You’re reading TheBlot Boomerang, where we bring the biggest and best of the latest news back around. This time, it’s Madonna!
Is Madonna a dance-music relic from the 1980s and 1990s flailing to remain current? Or is she a forward-thinking grande dame of pop who continues to inspire? With a new album about to drop, she keeps making music regardless of what people think of her. But then, that’s the way Madonna has always rolled. The Daily Dot’s Ben Branstetter makes a case for Madge’s tremendous influence and continued relevance in the post-Generation X musical landscape.
The basketball legend writes a thoughtful, heartfelt piece for Time magazine in response to the murders of New York City police officers Rafael Ramos and Wenjian Liu. As the son and grandson of cops, Abdul-Jabbar respects the profession, but also points out that the murders were the work of a mentally ill man, not a response to police brutality. Finally, he calls out the opportunists who use the case to smear peaceful protestors and critics: “Shaming and blaming is a lot easier than addressing legitimate claims.”
Will Leitch writes on Deadspin about an ironic side effect of the Internet age: the rise of “niche cultures.” People willingly block out opposing opinions or simple facts that can be accessed with a Google search. Instead of openness, they seek confirmation bias. These Internet echo chambers can be dangerous as bad ideas, such as the anti-vaccination movement, gain traction in the real world. Leitch sees this as part of a larger trend in society, where people yell over each other instead of finding common ground. “We don’t have to be right; we just have to be louder than the other guys,” he explains.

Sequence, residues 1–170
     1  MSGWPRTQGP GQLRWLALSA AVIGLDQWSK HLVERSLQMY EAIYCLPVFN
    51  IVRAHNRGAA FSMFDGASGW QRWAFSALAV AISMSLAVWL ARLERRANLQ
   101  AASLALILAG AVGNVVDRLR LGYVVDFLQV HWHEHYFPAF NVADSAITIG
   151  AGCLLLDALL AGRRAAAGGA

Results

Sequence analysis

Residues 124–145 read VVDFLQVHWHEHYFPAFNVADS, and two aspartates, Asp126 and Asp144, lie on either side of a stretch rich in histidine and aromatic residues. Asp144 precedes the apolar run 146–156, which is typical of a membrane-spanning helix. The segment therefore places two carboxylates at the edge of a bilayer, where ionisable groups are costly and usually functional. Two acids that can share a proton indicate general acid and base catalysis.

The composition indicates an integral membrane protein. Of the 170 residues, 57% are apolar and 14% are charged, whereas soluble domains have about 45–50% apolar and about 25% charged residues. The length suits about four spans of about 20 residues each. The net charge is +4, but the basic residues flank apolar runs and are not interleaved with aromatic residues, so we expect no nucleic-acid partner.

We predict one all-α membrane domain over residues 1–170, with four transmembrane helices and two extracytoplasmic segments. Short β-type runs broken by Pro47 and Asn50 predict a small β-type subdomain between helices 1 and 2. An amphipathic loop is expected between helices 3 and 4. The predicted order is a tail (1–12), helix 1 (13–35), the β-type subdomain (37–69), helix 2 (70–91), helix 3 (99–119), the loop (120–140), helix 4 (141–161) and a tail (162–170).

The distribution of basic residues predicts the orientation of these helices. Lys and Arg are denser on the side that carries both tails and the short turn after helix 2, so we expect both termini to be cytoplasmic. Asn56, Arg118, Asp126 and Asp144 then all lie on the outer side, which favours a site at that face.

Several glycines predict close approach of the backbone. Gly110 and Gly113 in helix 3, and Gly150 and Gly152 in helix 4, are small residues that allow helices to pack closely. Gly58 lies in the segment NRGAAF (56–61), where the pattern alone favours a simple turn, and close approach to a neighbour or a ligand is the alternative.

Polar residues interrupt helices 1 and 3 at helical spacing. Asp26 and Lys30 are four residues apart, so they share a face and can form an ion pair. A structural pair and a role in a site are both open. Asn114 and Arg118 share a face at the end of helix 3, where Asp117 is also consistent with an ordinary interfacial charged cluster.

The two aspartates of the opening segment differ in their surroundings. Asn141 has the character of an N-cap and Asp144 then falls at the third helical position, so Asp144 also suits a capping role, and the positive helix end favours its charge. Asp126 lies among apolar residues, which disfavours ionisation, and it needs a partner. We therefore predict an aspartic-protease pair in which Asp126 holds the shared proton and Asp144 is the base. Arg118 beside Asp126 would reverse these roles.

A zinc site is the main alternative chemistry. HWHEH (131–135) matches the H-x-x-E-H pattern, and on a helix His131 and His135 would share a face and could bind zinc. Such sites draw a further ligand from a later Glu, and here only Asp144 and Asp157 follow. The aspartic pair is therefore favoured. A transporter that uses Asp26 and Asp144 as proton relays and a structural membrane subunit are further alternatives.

From the cartoon “Tom the Dancing Bug” by Ruben Bolling comes KIMDb, Kim Jong-un’s movie page. Are you befuddled by the North Korean dictator’s sway over certain segments of the American film industry? Do you simply want a good laugh at his expense? Check out KIMDb’s movie reviews, including the one for the upcoming “Hot Tub Time Machine 2.” (Like the Supreme Leader, we don’t know how this movie was green-lit.)
LINK: The Pets of Ars Technica
Ars Technica takes a break from tech news and reviews to administer a dose of cute. The venerable website’s staff is comprised of telecommuters, who rely on the interoffice companionship of furry, scaly creatures. These critters keep home offices free of mice, nap on computer keyboards and tablets and generally provide moral support to their human friends. All together now: D’aaaaaawwwww!